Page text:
British research seemed to recently taken a step towards putting genetically modified food onto supermarket shelves. More specifically: putting purple tomatoes on shelves. Tomatoes may already be a healthy source of vitamins and minerals, however, research at the John Innes Centre in Norwich has allowed for the creation of a tomato which may have the same anti-oxidant based advantages of fruits like blueberries. The purple pigment (anthocyanin) in these tomatoes seem to be the result of a gene transfer from the snapdragon plant.
These enhanced tomatoes might also potentially improve the nutritional value of many derivative products, from pizza topping to ketchup. Professor Cathie Martin, of the John Innes Centre, is a firm believer in the potential benefits that these new fruits could deliver. “With these purple tomatoes you may get the same compounds which are present in blueberries and cranberries which give them their health benefits […] you may apply them to foods people actually eat in significant amounts and are reasonably affordable,” she remarked.
Canada has played an important role in this innovation, as well the British research. Because Canada seems more permissive of GM product development, Prof Martin outsourced production of these purple tomatoes to an Ontario-based company: New Energy Farms. She is supportive of the “enlightened” stance Canada takes to GM ideas: “They look at the trait, [rather than] the technology, and should be a way we start changing our thinking – asking if what you’re doing is safe and beneficial.”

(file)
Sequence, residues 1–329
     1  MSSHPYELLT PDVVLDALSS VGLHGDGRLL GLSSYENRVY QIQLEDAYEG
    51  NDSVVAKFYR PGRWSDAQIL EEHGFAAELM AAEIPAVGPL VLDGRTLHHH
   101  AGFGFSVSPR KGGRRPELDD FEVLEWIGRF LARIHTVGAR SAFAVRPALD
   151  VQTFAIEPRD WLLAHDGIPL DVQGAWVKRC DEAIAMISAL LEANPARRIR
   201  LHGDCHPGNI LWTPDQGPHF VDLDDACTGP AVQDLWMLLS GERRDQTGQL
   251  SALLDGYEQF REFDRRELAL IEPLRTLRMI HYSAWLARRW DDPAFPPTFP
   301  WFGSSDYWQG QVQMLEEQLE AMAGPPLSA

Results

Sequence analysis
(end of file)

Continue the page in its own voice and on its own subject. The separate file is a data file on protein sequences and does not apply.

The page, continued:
Regarding the differences between European and Canadian attitudes to GM food, Prof Martin said it was inconvenient “we’ve had to go to Canada to do a lot of the growing and the processing and I hope this may serve as a vanguard product where people may have access to something which is GM however has benefits for them.” Obvious reasons to limit development of GM food in this country are in short supply.
The juice produced from these tomatoes may likely to be used to determine whether there are any beneficial health effects for humans from ingesting anthocyanin. The compound has previously been found to have an anti-inflammatory effect in mice, and even reduced rates of specific types of mice cancer. If any benefits are able to be proven, Prof Martin and other plant researchers are aimful this development might create a more innovative attitude towards genetic modification of plants in the EU.
How might productive health benefits influence public opinion on GM foods in the UK?